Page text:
A shareholder sued Rocket Mortgage, the Detroit-based mortgage behemoth, for allegedly making misleading disclosures to conceal adverse market conditions.
The class action-seeking lawsuit, which was filed in the Eastern District Of Michigan’s Southern Division, alleges that Rocket was aware of factors that were already taking a toll on its business, while touting its future performance to investors. It also accuses Rocket founder and former CEO Dan Gilbert of concealing adverse market conditions from the public when he sold $500 million in company stock in March.
The lawsuit names Rocket, as well as Jay Farner, Rocket CEO; Julie Booth, Rocket CFO; Robert Dean Walters, Rocket COO; and Gilbert as defendants. It is the second class action-seeking lawsuit in as many weeks to allege the company concealed information about adverse market effects.
The defendants, the lawsuit alleges, “presented a misleading picture of Rocket’s business, risks, and future financial prospects.”
Aaron Emerson, a spokesperson for parent firm Rocket Companies, said the case was a “work of fantasy and completely without merit.”
Emerson added that any claims that Rocket has not been transparent and truthful in all its public communications are “false and spurious.”
“Rocket Companies will hold accountable anyone who makes false statements and attempts to tarnish the name of our company or diminish the hard work of our 26,000 team members,” said Emerson.
The lawsuit, filed by Michigan-based law firm Pomerantz, argues that Rocket concealed its battle for market share in the wholesale channel, and played down the trend of tightening gain-on-sale margins.
To prove that Rocket knew more than it was letting on, plaintiff Owen Arent, who until May was a software quality engineer for the company, seized on statements Booth made during its first quarter results earnings call. Rocket’s Chief Financial Officer Julie Booth “admitted” that the decline of gain on sale margins began “at the end of Q1,” the lawsuit says.
Those trends led to a significant decline in margins for many mortgage lenders, including Rocket. In May, Rocket said it expected gain on sale margins of 2.65% to 2.95% in the second quarter. The forecast represented a nearly 100 basis point sequential drop and a dramatic 254 bps decrease year-over-year.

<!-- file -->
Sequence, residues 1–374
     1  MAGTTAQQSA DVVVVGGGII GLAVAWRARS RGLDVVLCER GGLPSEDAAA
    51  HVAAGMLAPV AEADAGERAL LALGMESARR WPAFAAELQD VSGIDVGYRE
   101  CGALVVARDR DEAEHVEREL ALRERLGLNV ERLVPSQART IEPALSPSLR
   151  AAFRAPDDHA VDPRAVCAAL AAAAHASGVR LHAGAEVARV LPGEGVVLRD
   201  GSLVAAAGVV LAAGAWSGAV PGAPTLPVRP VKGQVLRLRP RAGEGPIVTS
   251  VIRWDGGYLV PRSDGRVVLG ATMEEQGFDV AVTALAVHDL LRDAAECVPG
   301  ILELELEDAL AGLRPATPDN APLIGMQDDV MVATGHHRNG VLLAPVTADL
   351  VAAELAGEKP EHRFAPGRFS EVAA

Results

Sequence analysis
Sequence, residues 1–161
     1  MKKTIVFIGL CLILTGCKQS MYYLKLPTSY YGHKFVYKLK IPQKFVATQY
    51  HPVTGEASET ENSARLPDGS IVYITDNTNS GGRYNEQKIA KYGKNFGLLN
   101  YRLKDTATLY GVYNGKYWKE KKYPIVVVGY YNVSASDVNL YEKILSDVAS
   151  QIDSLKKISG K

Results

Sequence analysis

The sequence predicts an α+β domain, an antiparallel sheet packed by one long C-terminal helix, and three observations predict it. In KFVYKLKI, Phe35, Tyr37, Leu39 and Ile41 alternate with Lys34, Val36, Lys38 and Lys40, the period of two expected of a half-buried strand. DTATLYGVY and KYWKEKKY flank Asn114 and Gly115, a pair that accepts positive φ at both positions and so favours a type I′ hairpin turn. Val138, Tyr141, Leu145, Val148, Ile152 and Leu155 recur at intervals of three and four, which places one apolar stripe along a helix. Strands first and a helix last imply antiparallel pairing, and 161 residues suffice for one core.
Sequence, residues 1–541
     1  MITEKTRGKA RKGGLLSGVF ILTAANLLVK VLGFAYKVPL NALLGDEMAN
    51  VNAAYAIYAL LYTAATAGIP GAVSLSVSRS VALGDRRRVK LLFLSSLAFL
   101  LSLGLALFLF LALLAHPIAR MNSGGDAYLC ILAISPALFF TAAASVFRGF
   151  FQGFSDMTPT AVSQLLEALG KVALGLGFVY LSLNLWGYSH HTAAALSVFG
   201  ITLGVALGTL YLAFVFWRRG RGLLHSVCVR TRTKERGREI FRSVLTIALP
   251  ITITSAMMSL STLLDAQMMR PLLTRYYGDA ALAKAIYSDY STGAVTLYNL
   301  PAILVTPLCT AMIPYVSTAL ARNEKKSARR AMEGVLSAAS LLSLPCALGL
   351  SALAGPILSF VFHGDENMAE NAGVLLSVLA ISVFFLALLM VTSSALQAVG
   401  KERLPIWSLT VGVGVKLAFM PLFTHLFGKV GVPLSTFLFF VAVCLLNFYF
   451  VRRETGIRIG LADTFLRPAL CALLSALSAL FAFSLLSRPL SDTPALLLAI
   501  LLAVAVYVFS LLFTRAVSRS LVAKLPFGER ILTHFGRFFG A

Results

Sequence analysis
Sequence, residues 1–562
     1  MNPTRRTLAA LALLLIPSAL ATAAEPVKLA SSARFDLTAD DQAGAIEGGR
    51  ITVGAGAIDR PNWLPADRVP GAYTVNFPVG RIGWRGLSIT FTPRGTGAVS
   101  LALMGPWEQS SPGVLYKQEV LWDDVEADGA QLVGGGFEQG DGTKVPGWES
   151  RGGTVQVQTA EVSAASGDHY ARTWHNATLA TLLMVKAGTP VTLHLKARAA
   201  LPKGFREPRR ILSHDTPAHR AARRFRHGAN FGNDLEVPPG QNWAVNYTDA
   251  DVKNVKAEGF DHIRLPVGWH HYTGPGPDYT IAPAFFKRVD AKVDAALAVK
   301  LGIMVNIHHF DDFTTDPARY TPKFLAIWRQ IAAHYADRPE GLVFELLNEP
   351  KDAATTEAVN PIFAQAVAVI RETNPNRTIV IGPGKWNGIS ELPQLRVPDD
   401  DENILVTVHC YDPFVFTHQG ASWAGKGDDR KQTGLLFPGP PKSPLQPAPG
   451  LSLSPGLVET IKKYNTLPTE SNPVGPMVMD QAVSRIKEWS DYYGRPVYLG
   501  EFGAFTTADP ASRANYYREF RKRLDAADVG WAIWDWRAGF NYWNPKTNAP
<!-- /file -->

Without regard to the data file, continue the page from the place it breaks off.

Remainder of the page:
At the time, a Rocket mortgage official attributed the sharp decrease in margins to pressure on loan pricing, a shift in the product mix, and a compression in price spreads between the primary and secondary mortgage markets. Its share prices tumbled 16.62% to $19.01 on the news, according to the suit.
Forward-looking statements like the ones the lawsuit focuses on are typically protected by a statutory safe harbor, meant to spur companies to make such statements freely. The lawsuit argues that the safe harbor should not apply in this case, since company officials knew at the time that the statements were false.
A mortgage finance industry expert, who was not authorized to publicly discuss the lawsuit, described the legal action as puzzling, particularly because Rocket’s first quarter results were not surprising. He attributed both of the recent lawsuits to a new cohort of investors who are shunning traditional investor analyses.
Still, he said, the public disclosures the company made were in line with their reported gain on sale performance.
“If you look at [Rocket’s] disclosure on this subject it’s pretty damn clear,” the industry expert said.
The lawsuit seeks a jury trial, damages awarded for the loss in share value and court fees.
This is the second lawsuit Pomerantz has filed that targets a top-10 mortgage lender experiencing thinning margins. In June, the law firm filed a class-action-seeking lawsuit that claimed Home Point Capital’s offering documents in its IPO were “negligently prepared” and contained untrue and/or misleading statements. The law firm said that Home Point Capital failed to disclose that the expansion of its broker partner network would increase expenses dramatically.
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